Navajo Nation Attorney General Addresses Environmental Regulations

UPDATE and CORRECTION

Contact Jared King
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For Immediate Release

Navajo Nation Attorney General Addresses Environmental Regulations

WASHINGTON, D.C.—Navajo Nation Attorney General Harrison Tsosie testified today before the House Subcommittee on Energy and Power on the U.S. Environmental Protection Agency's Maximum Achievable Control Technology (MACT) ruling.  The hearing titled “The American Energy Initiative: What EPA’s MACT Utility Rule will Cost U.S. Consumers” focused on the overall economic impact of the recent U.S. EPA actions specific to curbing mercury emissions from power plants. 

The EPA ruling would require power plants to reduce mercury emissions within three years which is an accelerated pace compared to recent emissions control rules.

“MACT is one of many regulations that in culmination with other regulations could result in the closure of power plants located on or near the Navajo Nation meaning massive job and revenue loss to the Navajo Nation,” Attorney General Tsosie said.

In addition to depicting the dire economic impact of regulatory burdens witnesses testified to the statistically insignificant role the emissions reduction would have in improving overall health citing the EPA’s own data set. The cost associated with the emissions control is arguably a large investment with little effect on actual mercury emissions.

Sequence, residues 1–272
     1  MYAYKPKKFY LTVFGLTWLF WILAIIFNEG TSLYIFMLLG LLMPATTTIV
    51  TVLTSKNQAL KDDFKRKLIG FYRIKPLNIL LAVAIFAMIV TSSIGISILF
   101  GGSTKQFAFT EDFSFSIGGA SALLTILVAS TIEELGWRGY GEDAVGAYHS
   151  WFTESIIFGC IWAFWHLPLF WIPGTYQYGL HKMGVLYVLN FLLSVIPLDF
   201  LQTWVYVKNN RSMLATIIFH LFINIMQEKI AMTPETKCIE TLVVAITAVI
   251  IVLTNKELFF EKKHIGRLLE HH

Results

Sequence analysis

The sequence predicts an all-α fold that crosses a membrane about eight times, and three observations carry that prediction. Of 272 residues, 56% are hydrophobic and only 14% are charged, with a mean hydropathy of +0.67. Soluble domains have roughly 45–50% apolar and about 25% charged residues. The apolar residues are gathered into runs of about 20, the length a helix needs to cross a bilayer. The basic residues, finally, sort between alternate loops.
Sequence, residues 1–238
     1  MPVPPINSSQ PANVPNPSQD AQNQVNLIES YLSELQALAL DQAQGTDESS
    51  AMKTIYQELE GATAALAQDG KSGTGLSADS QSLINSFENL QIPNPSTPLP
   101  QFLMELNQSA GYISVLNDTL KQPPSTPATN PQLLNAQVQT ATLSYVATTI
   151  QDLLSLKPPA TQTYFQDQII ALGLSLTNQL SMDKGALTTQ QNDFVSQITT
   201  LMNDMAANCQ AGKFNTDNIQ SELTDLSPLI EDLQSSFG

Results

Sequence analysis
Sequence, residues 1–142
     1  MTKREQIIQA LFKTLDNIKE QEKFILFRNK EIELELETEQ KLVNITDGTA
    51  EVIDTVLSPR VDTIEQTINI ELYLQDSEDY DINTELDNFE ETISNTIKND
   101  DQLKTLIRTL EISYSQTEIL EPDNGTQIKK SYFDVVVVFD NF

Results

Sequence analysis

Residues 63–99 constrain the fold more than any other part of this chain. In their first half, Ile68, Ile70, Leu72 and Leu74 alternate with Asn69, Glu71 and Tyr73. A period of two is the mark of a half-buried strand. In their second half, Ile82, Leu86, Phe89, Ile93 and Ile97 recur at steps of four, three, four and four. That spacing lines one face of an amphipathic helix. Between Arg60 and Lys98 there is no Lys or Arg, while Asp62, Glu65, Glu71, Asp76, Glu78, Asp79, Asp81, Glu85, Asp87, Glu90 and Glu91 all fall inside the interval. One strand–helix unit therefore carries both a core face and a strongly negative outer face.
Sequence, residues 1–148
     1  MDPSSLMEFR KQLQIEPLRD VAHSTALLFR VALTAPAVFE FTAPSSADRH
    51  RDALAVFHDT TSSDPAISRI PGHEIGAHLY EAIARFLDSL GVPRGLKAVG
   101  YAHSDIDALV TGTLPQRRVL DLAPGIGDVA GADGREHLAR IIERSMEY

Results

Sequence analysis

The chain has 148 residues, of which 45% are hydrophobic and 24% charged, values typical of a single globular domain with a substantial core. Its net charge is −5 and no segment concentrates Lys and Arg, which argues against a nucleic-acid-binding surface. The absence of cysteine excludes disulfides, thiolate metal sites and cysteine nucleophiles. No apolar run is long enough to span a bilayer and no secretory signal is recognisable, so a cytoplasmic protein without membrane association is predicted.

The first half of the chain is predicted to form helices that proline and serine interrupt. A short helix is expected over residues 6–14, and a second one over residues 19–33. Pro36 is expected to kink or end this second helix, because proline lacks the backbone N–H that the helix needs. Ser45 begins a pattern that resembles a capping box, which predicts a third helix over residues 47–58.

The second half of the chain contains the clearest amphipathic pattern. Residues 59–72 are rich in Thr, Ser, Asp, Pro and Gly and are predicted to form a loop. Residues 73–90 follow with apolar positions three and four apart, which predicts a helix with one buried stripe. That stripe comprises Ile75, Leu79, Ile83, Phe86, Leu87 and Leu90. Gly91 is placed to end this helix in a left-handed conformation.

At issue for the Navajo Nation regarding the formulation of the MACT rule was the lack of upfront tribal engagement. U.S. EPA Assistant Administrator for Air and Radiation Gina McCarthy when asked about her office’s interaction and consultation with Indian tribes responded that she was “working closely with the Navajo.” Attorney General Tsosie countered in his testimony that the "U.S. EPA held no tribal consultations as required by the Administration's Executive Order.”  McCarthy’s office did not, in fact, engage with the Navajo Nation until well after the proposed rule was made in May 2011 and only recently visited the Navajo Nation after the final rule.

The Navajo Nation supports the goal of reducing hazardous emissions and recommends a tailored implementation coupled with proven health benefits to balance the potential economic impacts to the Navajo Nation.

UPDATE: Quote in paragraph three attributed to Attorney General Harrison Tsosie.

CORRECTION: Corrects House Subcommittee on Energy and Power in paragraph one. Date is May 2011 in paragraph five.

(Photo: Navajo Nation Attorney General Harrison Tsosie at the House Subcommittee Energy and Power hearing on What EPA's MACT Utlity Rule will Cost U.S. Consumers. Photo by Jared King / Navajo Nation. Visit the House Subcommittee on Energy and Power to watch the archived webcast. Mr. Tsosie's testimony before the Committee begins at the 2:08:25 mark. )

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